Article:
Yesterday, McCain admitted that his offshore drilling proposal would probably have mostly "psychological" benefits, NBC/NJ's Adam Aigner-Treworgy reports. At a town hall in Fresno that primarily focused on energy issues, McCain was asked a question about the price of gas and the viability of various short-term solutions.
VIDEO: Obama supporter, Sen. Joe Biden, D-Del., and McCain supporter, Sen. Lindsey Graham, R-S.C., discuss their candidates' differing views on offshore drilling with NBC's Brian Williams on "Meet the Press."
"In the short term I'd like to give you a little relief for the summer on the gas tax," McCain began, referring to his controversial proposal to temporarily suspend the federal tax on gasoline. But then he made a surprisingly candid admission: "I don't see an immediate relief, but I do see that exploitation of existing reserves that may exist -- and in view of many experts that do exist off our coasts -- is also a way that we need to provide relief. Even though it may take some years, the fact that we are exploiting those reserves would have psychological impact that I think is beneficial."
The Los Angeles Times: "In a visit to Fresno on Monday, McCain did not bring up offshore drilling, instead emphasizing alternative energy sources such as alcohol fuels and announcing a $300-million challenge to develop a more efficient electric car battery. In response to a question, he said he still did not favor drilling in the Arctic National Wildlife Refuge because it was pristine. When pressed, he declined to say whether the California coast was any less so, but argued that offshore drilling was safe. 'I envision they would be somewhat further offshore but that would be, again, a decision by the people of this state,' said McCain, who has said his views changed because of the impact gas prices are having on everyday Americans and concerns about the nation's dependence on foreign powers."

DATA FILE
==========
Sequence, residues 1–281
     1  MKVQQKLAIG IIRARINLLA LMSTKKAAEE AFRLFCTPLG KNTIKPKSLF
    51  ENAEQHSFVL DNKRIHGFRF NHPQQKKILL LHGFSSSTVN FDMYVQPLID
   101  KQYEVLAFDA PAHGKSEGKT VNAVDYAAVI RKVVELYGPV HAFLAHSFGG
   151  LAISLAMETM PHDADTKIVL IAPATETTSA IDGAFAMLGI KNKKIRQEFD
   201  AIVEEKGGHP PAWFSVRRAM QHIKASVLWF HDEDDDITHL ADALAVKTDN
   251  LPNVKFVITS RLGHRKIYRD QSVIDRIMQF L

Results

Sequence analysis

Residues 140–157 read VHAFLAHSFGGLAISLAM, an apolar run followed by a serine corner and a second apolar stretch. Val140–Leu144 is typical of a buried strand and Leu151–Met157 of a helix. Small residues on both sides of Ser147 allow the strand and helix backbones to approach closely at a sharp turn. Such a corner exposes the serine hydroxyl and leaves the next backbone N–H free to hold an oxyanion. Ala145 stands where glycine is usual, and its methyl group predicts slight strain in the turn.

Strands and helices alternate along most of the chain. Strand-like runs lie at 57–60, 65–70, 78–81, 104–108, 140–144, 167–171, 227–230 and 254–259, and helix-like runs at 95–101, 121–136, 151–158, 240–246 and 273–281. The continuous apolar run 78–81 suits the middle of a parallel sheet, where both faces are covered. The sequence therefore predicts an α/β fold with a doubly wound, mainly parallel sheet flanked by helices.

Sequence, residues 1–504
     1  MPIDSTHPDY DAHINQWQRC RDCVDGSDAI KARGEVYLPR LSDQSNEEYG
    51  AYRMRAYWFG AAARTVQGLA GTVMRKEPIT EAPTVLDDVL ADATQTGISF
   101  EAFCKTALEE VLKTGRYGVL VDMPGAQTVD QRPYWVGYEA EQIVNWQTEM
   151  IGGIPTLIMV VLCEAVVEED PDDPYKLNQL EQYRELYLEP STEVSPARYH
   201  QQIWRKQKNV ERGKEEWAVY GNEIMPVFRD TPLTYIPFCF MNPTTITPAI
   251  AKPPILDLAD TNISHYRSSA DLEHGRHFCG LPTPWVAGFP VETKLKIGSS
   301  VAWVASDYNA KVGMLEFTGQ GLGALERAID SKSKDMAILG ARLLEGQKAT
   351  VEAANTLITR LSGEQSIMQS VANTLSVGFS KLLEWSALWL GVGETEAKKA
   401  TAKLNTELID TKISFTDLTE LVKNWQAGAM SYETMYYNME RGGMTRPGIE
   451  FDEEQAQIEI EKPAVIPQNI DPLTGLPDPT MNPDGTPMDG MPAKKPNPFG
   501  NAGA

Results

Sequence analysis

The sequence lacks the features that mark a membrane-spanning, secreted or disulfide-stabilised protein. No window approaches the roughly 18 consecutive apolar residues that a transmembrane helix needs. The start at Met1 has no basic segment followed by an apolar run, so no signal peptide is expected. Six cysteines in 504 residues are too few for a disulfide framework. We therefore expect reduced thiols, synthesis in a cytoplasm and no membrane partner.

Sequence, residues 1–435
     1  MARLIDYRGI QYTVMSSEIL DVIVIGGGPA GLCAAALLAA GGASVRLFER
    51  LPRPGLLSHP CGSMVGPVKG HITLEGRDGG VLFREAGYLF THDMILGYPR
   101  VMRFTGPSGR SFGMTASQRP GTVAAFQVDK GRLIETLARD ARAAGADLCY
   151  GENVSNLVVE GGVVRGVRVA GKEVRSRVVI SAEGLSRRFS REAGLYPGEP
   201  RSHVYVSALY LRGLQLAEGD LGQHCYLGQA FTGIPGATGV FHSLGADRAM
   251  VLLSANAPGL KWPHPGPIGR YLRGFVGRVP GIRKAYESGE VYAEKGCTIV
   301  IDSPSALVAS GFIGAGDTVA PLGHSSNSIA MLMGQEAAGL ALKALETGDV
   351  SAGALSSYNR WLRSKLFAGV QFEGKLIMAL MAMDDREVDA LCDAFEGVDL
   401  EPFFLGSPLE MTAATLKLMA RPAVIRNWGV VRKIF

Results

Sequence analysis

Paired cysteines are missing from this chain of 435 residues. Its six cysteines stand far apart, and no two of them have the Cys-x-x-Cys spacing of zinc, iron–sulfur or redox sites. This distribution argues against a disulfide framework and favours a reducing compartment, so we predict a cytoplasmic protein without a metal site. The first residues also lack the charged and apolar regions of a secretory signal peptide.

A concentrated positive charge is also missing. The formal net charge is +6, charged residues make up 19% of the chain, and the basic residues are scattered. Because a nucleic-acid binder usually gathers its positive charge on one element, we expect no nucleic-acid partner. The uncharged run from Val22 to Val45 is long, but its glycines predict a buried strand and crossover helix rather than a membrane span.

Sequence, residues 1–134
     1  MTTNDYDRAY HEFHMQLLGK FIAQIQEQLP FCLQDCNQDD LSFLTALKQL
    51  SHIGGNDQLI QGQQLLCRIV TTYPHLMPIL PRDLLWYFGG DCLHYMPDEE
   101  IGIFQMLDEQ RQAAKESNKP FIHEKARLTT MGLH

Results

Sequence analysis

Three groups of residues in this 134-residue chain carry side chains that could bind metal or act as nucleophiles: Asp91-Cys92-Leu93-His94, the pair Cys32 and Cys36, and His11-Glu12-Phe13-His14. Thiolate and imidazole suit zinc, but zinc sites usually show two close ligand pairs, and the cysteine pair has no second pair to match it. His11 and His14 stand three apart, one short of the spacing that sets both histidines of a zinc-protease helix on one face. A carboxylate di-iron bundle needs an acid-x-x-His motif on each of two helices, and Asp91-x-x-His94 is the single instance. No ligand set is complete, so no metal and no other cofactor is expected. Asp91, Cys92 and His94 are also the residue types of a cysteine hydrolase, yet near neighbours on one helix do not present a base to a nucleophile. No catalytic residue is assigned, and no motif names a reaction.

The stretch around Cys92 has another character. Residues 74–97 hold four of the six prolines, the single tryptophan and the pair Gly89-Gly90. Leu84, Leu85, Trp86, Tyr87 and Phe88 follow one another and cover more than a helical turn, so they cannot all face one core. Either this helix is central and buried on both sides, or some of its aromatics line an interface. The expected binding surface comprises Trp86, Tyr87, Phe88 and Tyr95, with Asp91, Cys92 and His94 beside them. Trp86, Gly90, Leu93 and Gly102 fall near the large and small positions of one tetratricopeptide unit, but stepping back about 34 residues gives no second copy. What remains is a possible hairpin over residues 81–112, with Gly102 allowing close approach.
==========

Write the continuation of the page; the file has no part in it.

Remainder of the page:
The AP: "Like two rival filling-station owners across the highway in long-bygone price wars, Democratic Sen. Barack Obama and Republican Sen. John McCain keep putting up flashy signs and offering new incentives in hopes of attracting customers battered by $4 gas prices." More: "Yet energy experts and economists -- and even some of the candidates' own advisers -- say none of their signature proposals will have any impact on $4 gasoline or $130 a barrel oil in the near term, or even the intermediate term. Is it open season for pandering?"
During the Q&A part of a fundraiser in Santa Barbara yesterday -- moments after McCain made his pitch that Republicans cannot afford to write off California -- the candidate was asked about his position on offshore drilling, according to the pool report. "Santa Barbara has among other things a great natural beauty -- one of our great natural beauties lies before you out there to the South," questioner Dan Secord said, gesturing toward the ocean. "We're really kind of goosey here about oil spills, and we're goosey here about federal drilling and oil lands, which are abundant offshore. So we ask you to look out there to the south and the southeast and remember the greatest environmental catastrophe that's hit this state and then balance that with the notion of winning California. This is a vibrating blue city and a vibrating state, and it's gonna be a tough haul," Secord said.
"This gathering is adjourned," McCain jokingly replied, as he's accustomed to do. McCain noted that Gov. Schwarzenegger disagrees with him on the issue, but that Florida Gov. Charlie Crist agrees. He stressed that he believes in state's rights. McCain then cited the examples of Louisiana and Texas, noting they have allowed drilling and weathered two devastating hurricanes with minimal or no oil spills. "I think the environmental situation is today -- that we could probably do that," McCain said. "But I don't want to override the state of California."
Secord told the pool reporter that he's a member of the California Coastal Commission, but as soon as the reporter started to interview him, a McCain aide said the reporter needed to leave and get into the motorcade. Secord said he is a supporter of McCain's and has contributed to the campaign. "We support people who don't agree with us a 100%," Secord said. "I feel disappointment about the cavalier resumption of offshore drilling, and I'm not so sure that it's a deal related to national security so much."
Per NBC's Caroline Gransee, both the Obama campaign and the California Democratic Party held conference calls yesterday to criticize McCain's offshore drilling proposal. On the California Dem call, Sen. Barbara Boxer said that McCain is "going about this in the same old way. Drill, drill, drill" -- and that "it is a phony answer to a real problem." Also on the call was Rep. Lois Capps who echoed Boxer's opinion that "we cannot drill our way out this problem." It is drilling that has "brought us the $4-gallon gas," Capps claim. Both officials stated that offshore drilling would only hurt California's coastal economy, and instead, they urged oil companies to tap into the leased land that they are not drilling in hopes of lowering the prices at the pump.